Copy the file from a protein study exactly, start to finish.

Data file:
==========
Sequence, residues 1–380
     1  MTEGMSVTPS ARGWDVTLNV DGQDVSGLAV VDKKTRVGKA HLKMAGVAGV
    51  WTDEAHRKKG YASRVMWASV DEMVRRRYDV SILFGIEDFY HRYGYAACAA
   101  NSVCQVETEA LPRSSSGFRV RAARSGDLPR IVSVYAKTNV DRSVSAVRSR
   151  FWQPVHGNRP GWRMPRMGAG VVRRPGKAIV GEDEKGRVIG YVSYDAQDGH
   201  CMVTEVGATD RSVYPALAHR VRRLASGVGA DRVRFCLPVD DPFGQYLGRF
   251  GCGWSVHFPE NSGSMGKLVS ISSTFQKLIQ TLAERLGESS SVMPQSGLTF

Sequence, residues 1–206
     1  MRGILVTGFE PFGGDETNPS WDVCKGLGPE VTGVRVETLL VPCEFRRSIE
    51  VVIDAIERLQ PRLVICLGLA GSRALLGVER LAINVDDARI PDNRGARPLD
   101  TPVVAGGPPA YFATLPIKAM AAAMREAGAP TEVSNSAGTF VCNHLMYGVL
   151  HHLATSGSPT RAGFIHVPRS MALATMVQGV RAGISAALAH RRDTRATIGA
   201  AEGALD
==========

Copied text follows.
Sequence, residues 1–380
     1  MTEGMSVTPS ARGWDVTLNV DGQDVSGLAV VDKKTRVGKA HLKMAGVAGV
    51  WTDEAHRKKG YASRVMWASV DEMVRRRYDV SILFGIEDFY HRYGYAACAA
   101  NSVCQVETEA LPRSSSGFRV RAARSGDLPR IVSVYAKTNV DRSVSAVRSR
   151  FWQPVHGNRP GWRMPRMGAG VVRRPGKAIV GEDEKGRVIG YVSYDAQDGH
   201  CMVTEVGATD RSVYPALAHR VRRLASGVGA DRVRFCLPVD DPFGQYLGRF
   251  GCGWSVHFPE NSGSMGKLVS ISSTFQKLIQ TLAERLGESS SVMPQSGLTF

Sequence, residues 1–206
     1  MRGILVTGFE PFGGDETNPS WDVCKGLGPE VTGVRVETLL VPCEFRRSIE
    51  VVIDAIERLQ PRLVICLGLA GSRALLGVER LAINVDDARI PDNRGARPLD
   101  TPVVAGGPPA YFATLPIKAM AAAMREAGAP TEVSNSAGTF VCNHLMYGVL
   151  HHLATSGSPT RAGFIHVPRS MALATMVQGV RAGISAALAH RRDTRATIGA
   201  AEGALD